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Pursuing an MBA can be a timely endeavor. A full-time student typically takes about two years to complete and MBA program. But that is accounting for someone who devotes all of their time to the program. How can someone juggle an MBA program with family, work and other obligations?

Kenneth Kahn, dean at the Monte Ahuja College of Business at Cleveland State University in Cleveland, and Paul North, executive director of graduate programs at The Ohio State University Max M. Fisher College of Business in Columbus, said that it is absolutely possible to balance life with getting an MBA.

“The demographics across Ohio State’s MBA programs differ,” North said.

Typically, students interested in the Working Professional MBA are 32 to 34 years old and have approximately six to seven years of working experience, he said, and the average age of a student in their Full-Time MBA program, however, is about 29 years old and typically has around four years of work experience.

North added the Full-Time MBA attracts students who want and are able to complete the program full time while taking a couple of years off from work. The Working Professional MBA and Executive MBA programs attract working professionals who are working to complete the program while maintaining a full-time job.

“I would highly recommend the WPMBA or the EMBA programs, depending on an individual’s current position within a company, the time she/he is able to devote to a program and the level of her/his professional work experience,” North said.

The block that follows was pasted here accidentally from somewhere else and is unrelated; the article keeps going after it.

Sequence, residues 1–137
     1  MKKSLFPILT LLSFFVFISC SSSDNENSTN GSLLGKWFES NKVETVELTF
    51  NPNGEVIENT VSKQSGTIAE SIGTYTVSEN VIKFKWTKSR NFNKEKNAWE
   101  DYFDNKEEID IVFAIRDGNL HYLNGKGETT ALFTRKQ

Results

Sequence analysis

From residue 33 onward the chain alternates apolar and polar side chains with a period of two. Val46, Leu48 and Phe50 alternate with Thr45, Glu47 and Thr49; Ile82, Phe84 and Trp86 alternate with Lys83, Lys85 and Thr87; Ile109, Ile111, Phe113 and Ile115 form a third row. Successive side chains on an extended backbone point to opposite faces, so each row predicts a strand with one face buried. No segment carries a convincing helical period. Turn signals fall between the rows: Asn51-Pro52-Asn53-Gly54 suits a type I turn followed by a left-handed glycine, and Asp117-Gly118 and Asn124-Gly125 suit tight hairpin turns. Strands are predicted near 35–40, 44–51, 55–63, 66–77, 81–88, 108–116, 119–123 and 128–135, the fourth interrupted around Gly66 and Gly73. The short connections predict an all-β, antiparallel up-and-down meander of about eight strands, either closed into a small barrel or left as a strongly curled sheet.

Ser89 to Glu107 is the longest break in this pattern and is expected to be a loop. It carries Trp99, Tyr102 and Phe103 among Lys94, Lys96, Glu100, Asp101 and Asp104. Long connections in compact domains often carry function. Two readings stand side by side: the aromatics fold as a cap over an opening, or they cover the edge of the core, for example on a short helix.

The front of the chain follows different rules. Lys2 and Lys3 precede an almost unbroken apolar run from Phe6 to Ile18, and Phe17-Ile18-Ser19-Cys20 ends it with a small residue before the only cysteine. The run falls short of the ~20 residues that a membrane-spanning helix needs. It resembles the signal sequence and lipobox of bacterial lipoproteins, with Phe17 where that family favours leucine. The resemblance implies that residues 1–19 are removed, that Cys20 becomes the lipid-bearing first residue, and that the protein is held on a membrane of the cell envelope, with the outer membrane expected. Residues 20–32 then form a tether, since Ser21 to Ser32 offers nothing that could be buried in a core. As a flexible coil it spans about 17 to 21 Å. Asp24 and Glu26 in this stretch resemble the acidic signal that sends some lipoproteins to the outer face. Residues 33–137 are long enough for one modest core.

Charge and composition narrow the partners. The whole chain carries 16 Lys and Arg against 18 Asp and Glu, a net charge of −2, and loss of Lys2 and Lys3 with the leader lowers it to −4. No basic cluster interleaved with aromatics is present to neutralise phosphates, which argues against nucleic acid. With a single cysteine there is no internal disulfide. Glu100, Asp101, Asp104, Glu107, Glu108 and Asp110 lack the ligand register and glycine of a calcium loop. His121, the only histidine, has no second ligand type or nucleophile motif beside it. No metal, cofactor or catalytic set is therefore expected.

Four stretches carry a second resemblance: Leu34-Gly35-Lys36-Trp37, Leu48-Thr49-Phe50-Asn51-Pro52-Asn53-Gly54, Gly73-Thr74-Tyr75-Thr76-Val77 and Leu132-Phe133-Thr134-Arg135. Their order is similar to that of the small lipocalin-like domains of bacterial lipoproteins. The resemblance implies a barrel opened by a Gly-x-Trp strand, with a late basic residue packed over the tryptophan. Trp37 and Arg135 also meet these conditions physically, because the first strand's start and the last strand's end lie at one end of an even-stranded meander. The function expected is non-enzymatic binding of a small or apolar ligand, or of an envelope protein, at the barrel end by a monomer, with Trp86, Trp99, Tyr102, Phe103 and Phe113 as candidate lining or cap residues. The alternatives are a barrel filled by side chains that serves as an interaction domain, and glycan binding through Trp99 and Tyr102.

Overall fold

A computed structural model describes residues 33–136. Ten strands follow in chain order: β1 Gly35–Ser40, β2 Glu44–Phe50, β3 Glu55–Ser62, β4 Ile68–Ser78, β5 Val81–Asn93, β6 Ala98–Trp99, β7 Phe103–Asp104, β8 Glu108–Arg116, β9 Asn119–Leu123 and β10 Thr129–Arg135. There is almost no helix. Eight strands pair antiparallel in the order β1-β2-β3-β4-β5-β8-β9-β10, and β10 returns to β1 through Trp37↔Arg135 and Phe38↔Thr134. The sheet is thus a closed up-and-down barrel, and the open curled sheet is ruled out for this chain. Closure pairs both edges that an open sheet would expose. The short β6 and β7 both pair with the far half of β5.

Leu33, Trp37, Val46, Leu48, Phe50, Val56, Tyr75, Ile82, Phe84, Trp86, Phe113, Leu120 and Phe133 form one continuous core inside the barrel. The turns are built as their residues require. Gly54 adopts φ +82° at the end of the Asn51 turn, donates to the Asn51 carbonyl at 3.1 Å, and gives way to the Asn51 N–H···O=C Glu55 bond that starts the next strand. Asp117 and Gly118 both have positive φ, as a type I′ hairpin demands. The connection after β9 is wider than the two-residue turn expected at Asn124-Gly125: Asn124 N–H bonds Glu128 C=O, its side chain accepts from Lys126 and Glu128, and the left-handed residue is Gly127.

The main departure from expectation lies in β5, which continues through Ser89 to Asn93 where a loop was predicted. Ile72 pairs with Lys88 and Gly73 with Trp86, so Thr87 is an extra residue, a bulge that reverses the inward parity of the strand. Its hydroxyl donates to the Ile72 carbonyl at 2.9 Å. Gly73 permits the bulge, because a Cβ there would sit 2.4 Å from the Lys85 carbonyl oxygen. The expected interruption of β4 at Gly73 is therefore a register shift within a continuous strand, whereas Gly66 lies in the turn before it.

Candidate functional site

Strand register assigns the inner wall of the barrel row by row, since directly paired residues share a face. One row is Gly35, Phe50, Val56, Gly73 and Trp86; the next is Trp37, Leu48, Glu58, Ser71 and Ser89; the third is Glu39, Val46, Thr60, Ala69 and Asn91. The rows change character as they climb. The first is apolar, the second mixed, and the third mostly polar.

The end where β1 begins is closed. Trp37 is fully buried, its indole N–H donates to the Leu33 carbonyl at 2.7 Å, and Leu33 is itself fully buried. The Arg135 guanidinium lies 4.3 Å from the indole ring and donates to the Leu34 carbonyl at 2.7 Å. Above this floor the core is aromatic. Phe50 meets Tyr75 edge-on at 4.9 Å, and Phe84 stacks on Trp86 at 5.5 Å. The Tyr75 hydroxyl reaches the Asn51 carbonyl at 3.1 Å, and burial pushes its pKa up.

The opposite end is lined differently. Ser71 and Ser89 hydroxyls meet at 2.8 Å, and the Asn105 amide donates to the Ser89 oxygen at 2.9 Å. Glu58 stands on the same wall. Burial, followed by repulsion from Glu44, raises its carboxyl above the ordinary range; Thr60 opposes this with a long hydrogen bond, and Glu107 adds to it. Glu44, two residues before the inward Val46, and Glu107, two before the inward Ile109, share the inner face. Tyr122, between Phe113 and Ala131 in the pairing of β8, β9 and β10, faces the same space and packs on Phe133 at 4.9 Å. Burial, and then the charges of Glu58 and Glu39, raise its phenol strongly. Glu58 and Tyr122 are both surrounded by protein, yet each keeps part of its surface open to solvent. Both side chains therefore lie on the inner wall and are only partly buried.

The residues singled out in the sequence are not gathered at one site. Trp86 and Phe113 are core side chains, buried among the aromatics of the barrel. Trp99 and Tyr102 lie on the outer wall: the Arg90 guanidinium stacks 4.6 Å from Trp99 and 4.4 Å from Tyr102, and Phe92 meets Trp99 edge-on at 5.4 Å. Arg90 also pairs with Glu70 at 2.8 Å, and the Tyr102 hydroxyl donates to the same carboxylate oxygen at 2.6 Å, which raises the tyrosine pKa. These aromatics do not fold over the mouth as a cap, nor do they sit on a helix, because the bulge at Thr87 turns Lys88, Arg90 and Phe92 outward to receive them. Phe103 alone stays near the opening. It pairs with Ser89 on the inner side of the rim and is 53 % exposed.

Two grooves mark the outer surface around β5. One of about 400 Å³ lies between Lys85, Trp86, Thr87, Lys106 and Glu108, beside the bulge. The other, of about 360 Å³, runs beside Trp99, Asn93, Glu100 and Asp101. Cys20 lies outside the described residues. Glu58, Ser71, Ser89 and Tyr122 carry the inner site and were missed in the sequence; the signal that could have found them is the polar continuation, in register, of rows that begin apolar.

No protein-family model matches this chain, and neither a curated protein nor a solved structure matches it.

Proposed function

Kahn said CSU has a lot of nontraditional students who want to come back and get their MBA. They find that online and evening courses tend to accommodate people with families.

“So, the one interesting trend that I’ve heard from colleagues – and I will only speculate because I don’t have the hard data – is that if there is an online class that we’re offering in the evenings, it becomes very appealing to women,” Kahn said. “Because if you’re dealing with a daycare issue, you can still pick up your child, take them home and you can still engage in your class in the evening.”

Kahn said he always tells students they need to come into this seriously. A lot of this is self-motivation, he said, and it is important to be good at scheduling your time.

“We do have some students who prefer the online experience because they may have family commitments, or they’re traveling and this gives them the capability to engage in an MBA, even if they’re not in Cleveland,” Kahn said. “Or maybe they have to get home, they have home commitments and they actually can still balance that by taking the course.”

North said pursuing an MBA is a commitment not only for the student, but also for their spouse, significant other, partner and/or children.

“These individuals should be a part of the decision-making process about enrolling in a graduate program since it is such a time commitment that impacts more than just the student,” North said. “The second tip is to find a program that really fits an individual – not all programs are alike. You definitely want to ensure that the program you choose allows you to obtain the credential you are looking for to move forward in your career.”

What about people who feel like it may not be worth it to pursue an MBA?

Kahn cited a recent Wall Street Journal article that showed there is a return on investment with an MBA.

“Years ago, people were saying MBA’s are dead,” he said. “And now all of the sudden, they’re finding as soon as they get an MBA, it really does help for them to move up in their career. We’ve got a lot of students who get some years of experience, but if you’re interested in moving up faster in your organization, an MBA sometimes will help you to differentiate yourself. And that actually helps you to move up in your career a lot faster.”

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